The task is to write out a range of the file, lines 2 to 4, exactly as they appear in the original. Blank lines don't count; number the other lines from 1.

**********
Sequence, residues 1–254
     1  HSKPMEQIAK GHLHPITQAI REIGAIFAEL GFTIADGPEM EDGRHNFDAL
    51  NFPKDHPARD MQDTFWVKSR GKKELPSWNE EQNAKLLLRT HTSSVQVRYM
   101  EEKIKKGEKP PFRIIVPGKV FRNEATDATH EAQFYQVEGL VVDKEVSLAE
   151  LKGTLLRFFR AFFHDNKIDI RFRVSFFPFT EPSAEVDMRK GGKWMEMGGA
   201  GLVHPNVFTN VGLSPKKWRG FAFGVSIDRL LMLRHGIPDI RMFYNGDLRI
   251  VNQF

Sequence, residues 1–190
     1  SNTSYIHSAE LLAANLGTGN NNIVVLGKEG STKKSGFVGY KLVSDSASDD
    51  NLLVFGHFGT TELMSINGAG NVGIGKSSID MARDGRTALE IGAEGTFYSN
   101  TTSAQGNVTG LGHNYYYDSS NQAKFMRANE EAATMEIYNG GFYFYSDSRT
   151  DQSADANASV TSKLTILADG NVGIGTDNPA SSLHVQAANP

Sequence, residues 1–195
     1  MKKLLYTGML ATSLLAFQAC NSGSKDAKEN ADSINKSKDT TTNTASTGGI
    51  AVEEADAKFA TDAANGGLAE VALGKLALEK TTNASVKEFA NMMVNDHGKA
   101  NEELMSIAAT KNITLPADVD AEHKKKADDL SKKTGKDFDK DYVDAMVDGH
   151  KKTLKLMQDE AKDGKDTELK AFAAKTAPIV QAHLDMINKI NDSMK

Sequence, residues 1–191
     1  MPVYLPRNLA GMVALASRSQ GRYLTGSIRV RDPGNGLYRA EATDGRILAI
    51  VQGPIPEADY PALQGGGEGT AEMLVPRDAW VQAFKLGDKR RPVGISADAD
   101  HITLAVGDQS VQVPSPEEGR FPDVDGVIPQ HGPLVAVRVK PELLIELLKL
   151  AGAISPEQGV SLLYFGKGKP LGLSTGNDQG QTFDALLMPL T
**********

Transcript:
     1  HSKPMEQIAK GHLHPITQAI REIGAIFAEL GFTIADGPEM EDGRHNFDAL
    51  NFPKDHPARD MQDTFWVKSR GKKELPSWNE EQNAKLLLRT HTSSVQVRYM
   101  EEKIKKGEKP PFRIIVPGKV FRNEATDATH EAQFYQVEGL VVDKEVSLAE